According to a 2015 wired.co.uk article, there are around 7,100 languages in use around the world
, However, 90% of these are spoken by less than 100,000 people. Furthermore, Science Mag estimated that a different tongue dies out every two weeks. This is a faster rate of extinction than some species. To stop this trend, it is important that we preserve not only dominant languages, but also niche and tribal languages. The world needs more linguists to document and protect languages under threat.
Increasingly school students are being given the option of learning Arabic, Mandarin and Japanese in addition to the traditional Romance languages. This wider range of languages is much needed as global collaboration increases. The ability to communicate in different languages is becoming a core skill rather than just an optional extra. Language learning is also far more than a necessary work skill. The enjoyment of learning a new skill has almost been lost in an age where a lot of time is taken up on the internet and on smart devices.
Fauzia Eastwood and Tanyeem Hussein from the University of the Arts London Language Centre, shared their insight on why learning languages is so important for us as individuals and as a society.
“In an increasingly globalised world, people are able to communicate easily and instantly from almost anywhere in the world. Apart from the obvious benefits of opening up cultures at a deeper level, of improving employability and of facilitating travel, there are claims that language learning can:
When choosing to learn a language, most people in the UK choose Spanish, French or Italian. Is this to do with our geographical proximity to the countries where these languages are spoken, or is there more to our choice than meets the eye?
“The Latin roots of Romance languages make them more easily accessible to students who have English as their first language. Although English is not a Romance language itself, there are many words that come from Latin. This means many words in French, Spanish and Italian are more understandable for English speakers and this fosters a sense of familiarity which makes these languages seem less foreign. It also overcomes the initial barrier of learning a new language through building a prior familiarity with the language,” Hussein explained.
Of course, one main reason for encouraging language learning is that we are just hours away from mainland Europe. Opting to learn a European language can do wonders for our personal travel and tourism needs and make the travelling experience more enjoyable.
“Most children in the UK studied either French, German Spanish or Italian at school, so it’s natural that as an adult they’d wish to continue with a familiar language. In more recent years, Japanese, Mandarin and Arabic have been added to the curriculum and students’ parents sometimes choose to take classes in these languages so they can help their children with language homework,” added Eastwood.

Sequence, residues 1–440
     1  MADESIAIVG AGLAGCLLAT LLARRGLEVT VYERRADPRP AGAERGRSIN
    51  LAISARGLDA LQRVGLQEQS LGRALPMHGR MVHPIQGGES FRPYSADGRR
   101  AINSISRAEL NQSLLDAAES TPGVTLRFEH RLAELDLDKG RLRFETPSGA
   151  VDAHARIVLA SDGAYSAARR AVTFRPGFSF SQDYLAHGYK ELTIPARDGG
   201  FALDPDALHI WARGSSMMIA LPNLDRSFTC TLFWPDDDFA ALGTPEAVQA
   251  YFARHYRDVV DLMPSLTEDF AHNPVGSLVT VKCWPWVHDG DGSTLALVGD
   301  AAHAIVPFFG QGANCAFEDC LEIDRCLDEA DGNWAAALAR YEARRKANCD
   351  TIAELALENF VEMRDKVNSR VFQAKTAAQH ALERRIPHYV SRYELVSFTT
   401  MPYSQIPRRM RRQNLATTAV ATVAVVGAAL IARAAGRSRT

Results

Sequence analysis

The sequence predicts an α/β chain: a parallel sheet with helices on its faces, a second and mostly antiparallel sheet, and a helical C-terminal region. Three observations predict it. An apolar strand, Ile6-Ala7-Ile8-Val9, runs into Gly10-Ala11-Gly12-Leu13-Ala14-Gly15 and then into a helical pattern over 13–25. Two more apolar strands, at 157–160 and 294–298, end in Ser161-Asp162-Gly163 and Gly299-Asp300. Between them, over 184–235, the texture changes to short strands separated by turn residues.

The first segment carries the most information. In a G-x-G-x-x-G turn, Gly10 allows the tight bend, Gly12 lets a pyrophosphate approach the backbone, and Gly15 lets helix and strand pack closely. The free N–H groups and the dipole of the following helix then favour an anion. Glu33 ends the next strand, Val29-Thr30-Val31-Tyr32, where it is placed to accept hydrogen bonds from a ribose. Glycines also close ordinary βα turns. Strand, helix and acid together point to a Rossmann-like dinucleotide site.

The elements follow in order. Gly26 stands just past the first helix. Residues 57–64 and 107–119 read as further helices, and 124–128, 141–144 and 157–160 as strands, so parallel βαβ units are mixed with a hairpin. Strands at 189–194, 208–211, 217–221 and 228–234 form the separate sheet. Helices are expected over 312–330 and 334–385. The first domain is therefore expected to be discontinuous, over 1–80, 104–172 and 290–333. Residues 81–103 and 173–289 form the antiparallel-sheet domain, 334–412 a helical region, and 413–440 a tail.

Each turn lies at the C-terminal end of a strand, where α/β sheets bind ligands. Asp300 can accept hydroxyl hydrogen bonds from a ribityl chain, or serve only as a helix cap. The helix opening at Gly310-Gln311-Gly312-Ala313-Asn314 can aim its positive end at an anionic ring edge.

As we move towards a future where communication and collaboration are at the cornerstone of most businesses, students are making smarter subject choices, and selecting subjects which will prepare them best for their professional lives. Learning languages should be part of this forward-thinking trend.
So how can we preserve an interest in language learning?
“Students can become more motivated to learn a language if additional elements such as arts and culture are added to the language syllabus.
“Including arts and culture in the syllabus adds interest and excitement to grammar and vocabulary learning, which are sometimes perceived as ‘dull’. Students also get to understand the importance of engaging with a language at a deeper level. A higher overall engagement with a language is built through studying its culture, history and arts. Where topics and language functions are interlinked like this, learning becomes more memorable,” Hussain and Eastwood explain.
Though we are living in an age where communication has gone digital and even includes the use of emojis, there’s nothing that quite builds a connection or community like the spoken word – whether that be in English or another language.
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Safeera is Editor of Whatuni and a journalist from Kingston University. Always the inquisitive, her writing spans across a number of areas such as sustainability, fashion, lifestyle and now education. Her belief that you never stop learning and passionate nature has taken her to New York City as part of her degree and across the airwaves on national radio talking about the issues that matter to her.